The Thinking 
Housewife
 

November 30, 2011

 

Sant Margaret, Titian; 1559

Saint Margaret, Titian; 1559

 

Reading The Meno

November 30, 2011

 

IN A piece at The Brussels Journal, Richard Cocks, a professor at an unnamed university, describes teaching the Platonic dialogue, the Meno, to his ethics class. His course becomes an extended exploration of the central question in the Meno: How do we arrive at moral knowledge?

Cocks’ students are disappointed at Socrates’ conclusion, which is that morality ultimately comes from a supernatural source. The professor writes:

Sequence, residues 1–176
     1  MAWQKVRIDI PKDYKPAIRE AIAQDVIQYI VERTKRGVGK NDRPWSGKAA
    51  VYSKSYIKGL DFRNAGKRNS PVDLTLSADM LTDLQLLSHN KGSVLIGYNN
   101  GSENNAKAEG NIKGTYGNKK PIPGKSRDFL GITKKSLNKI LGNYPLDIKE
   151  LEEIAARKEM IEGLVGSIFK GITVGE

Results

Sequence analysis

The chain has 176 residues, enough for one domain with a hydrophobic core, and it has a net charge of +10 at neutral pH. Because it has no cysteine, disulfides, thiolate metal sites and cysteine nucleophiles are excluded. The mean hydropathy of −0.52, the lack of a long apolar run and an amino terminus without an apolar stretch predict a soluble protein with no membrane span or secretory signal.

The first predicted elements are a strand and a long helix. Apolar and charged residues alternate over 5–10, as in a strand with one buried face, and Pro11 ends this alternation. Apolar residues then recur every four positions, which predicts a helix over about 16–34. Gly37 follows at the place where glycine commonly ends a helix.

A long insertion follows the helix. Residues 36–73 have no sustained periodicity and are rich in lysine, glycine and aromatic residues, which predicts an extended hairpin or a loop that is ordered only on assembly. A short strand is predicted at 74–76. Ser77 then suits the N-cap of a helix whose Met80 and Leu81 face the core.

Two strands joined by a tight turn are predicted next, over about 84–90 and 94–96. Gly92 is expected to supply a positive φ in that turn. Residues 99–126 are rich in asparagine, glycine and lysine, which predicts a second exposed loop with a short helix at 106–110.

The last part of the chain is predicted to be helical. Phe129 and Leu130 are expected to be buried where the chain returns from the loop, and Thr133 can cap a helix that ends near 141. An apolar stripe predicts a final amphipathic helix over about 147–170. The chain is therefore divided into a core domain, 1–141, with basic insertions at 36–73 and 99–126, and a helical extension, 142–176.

Many of my students claimed to enjoy reading the Meno, but that they were disappointed by the ending. They felt that all their hard work had gone unrewarded. Claiming that the right opinion that contributes to virtue is from the divine is a cheat and a cop out, as though Socrates is merely hoping to hide the fact that he has no real explanation.

The essay would make an excellent guide for homeschooling parents introducing older students to Plato.